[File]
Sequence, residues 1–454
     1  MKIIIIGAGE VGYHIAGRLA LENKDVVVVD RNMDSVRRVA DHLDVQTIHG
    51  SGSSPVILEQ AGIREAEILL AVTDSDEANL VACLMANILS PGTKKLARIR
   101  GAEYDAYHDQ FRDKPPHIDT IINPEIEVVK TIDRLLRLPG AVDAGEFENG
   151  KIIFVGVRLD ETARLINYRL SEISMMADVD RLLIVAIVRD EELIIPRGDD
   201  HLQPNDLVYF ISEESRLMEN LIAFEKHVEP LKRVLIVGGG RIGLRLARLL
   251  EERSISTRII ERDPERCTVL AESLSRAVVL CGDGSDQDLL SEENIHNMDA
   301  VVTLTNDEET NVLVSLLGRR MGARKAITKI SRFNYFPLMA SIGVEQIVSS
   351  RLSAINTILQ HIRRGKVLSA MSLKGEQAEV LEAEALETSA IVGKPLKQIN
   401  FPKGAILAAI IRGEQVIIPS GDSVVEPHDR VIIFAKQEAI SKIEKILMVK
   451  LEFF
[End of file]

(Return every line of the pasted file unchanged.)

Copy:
Sequence, residues 1–454
     1  MKIIIIGAGE VGYHIAGRLA LENKDVVVVD RNMDSVRRVA DHLDVQTIHG
    51  SGSSPVILEQ AGIREAEILL AVTDSDEANL VACLMANILS PGTKKLARIR
   101  GAEYDAYHDQ FRDKPPHIDT IINPEIEVVK TIDRLLRLPG AVDAGEFENG
   151  KIIFVGVRLD ETARLINYRL SEISMMADVD RLLIVAIVRD EELIIPRGDD
   201  HLQPNDLVYF ISEESRLMEN LIAFEKHVEP LKRVLIVGGG RIGLRLARLL
   251  EERSISTRII ERDPERCTVL AESLSRAVVL CGDGSDQDLL SEENIHNMDA
   301  VVTLTNDEET NVLVSLLGRR MGARKAITKI SRFNYFPLMA SIGVEQIVSS
   351  RLSAINTILQ HIRRGKVLSA MSLKGEQAEV LEAEALETSA IVGKPLKQIN
   401  FPKGAILAAI IRGEQVIIPS GDSVVEPHDR VIIFAKQEAI SKIEKILMVK
   451  LEFF